US Visas help in new Los Angeles office to aid immigrants

Following a public hearing marred by angry clashes between supporters of Donald Trump who is now President and pro-immigration campaigners, the Los Angeles County Board of Supervisors approved the opening of a new office that will offer US Visa county assistance to immigrants.

Probably this new office will mainly deal with issues relating to illegal immigrants also known as undocumented immigrants.   But who knows.  Perhaps there will be increasing numbers of people who have been refused L1 visas, H1B visas and E2 visas and E1 visas who will also be seeking US Visa advice.  

According to a statement released by Supervisor Hilda Solis, who co-sponsored a motion along with Sheila Kuehl for the opening of the office, said: “The Office of Immigrant Affairs will provide a ‘one-stop shop’ for those seeking help.”

While it has not yet been determined exactly what services the new office will provide, Solis said it would help immigrants with finding US Visa legal representation to battle deportation cases, and offer them assistance to identify other social services. It’s understood that an in-depth plan, along with budget and staffing details will be released later in the year [2017].

Opposing hate against immigrants

As part of her statement, Solis said: “I want to remind our communities that the county will continue to stand against hate and provide exceptional aid for our immigrant individuals. This is one of the many steps we are taking towards protecting the immigrant communities that are so essential to Los Angeles County.”

The office, which was approved on Tuesday, January 10, comes just weeks after Los Angeles County set aside $3 million to a legal assistance fund for immigrants facing deportation. The funding makes up part of a joint effort by county and LA City Hall leaders to prevent federal plans to deport millions of people. City Hall is committing $2 million to the fund.

The skirmishes during the public hearing in LA County reflected just how divisive the issue of immigration is, even in an area of the US with a high immigrant population that voted overwhelmingly against Donald Trump, according to an article published in the Los Angeles Times.

The Migration Policy Institute - an independent, non-partisan, non-profit think tank based in Washington, DC – estimates that 1 million of the 11 million illegal immigrants currently living in the US, reside in LA County.

Throughout his presidential campaign, Trump vowed to deport millions of illegal immigrants and construct a border wall that stretched thousands of miles. However, recent media reports suggest that Trump actually has empathy towards illegal immigrants.

During an interview with CNN’s Dana Bash in November 2016, Trump spoke of the 1.8 million children born to illegal immigrants in the US: “I actually have a big heart. Something that nobody knows. A lot of people don’t understand that. But the Dreamers [Deferred Action for Childhood Arrivals], it’s a tough situation. We’re going to do something…,” Trump said.

However, most people feel that Donald Trump is anti-immirant and while his election left many people stunned, many US cities, counties and states with a high proportion of Democratic voters - including LA County - soon rallied to declare their jurisdictions as sanctuaries for immigrants.

Trump supporters and pro-immigrant campaigners clash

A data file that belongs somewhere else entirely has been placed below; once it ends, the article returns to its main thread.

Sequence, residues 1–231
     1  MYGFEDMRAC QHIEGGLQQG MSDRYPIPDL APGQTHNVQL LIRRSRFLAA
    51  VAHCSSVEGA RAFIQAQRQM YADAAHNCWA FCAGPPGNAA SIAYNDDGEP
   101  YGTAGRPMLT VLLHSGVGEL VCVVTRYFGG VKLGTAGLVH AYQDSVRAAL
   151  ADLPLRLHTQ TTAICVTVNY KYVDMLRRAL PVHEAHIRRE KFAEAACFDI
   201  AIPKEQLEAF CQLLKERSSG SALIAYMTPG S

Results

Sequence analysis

During the LA County board meeting on January 10, Trump supporters and pro-immigrant campaigners hurled complaints from the audience regarding the failures of the county government, but for very different reasons.

Trump supporters launched a scathing attack on supervisors, accusing them of ‘harboring and abetting people in direct violation of federal, US immigration law. Meanwhile, immigrant rights activists urged the county to cease all cooperation with US Immigration and Customs Enforcement (ICE).

A cluster of Trump supporters claimed that an increasing immigrant population in LA County had resulted in an increased drug problem and violence in their neighborhoods and said that perpetrators should be deported, not protected.

Betty Retama, a member of the pro-Trump groups known as ‘We The People Rising’ and ‘America First Latinos’, said: “Legal assistance for illegals is one of the most insane statements I can think of.”

Meanwhile, pro-immigrant activists heaped praise on the county’s plan to introduce a new immigration affairs office, describing it as an ‘important step in derailing Trump’s deportation machine.’

In response to several outbursts from Trump supporters, Andres Kwon said: “Despite their being loud, they’re on the wrong side of history. We need you to be on the right side of history.”

Mark Ridley-Thomas, chairman of the LA County board, eventually became so frustrated by the fracas between opposing groups, he ordered every member of the public to remove themselves from the board chambers. The session continued behind closed doors, having said: “I think we’ve had more than enough,” as the room was cleared.

Motion to establish a new US Visa office passes

When the public session resumed, most members of the public had left. The motion to introduce a new US visa office to help immigrants passed by 4 votes to 1. As part of the motion, the board moved to appoint the county’s civilian oversight commission to oversee Sheriff Department interactions with immigrants.

This was s a measure taken to ensure that the department is adhering to its very own immigrant friendly policies. Furthermore, the board directed the Office of Education to plan for the provision of bilingual information on resources and the rights of immigrant students to a “free public education, regardless of their immigration status.”

While four of the supervisors were in favour of the motion, supervisor Kathryn Barger was opposed to the new Office of Immigrant Affairs and the proposal for the Office of Education.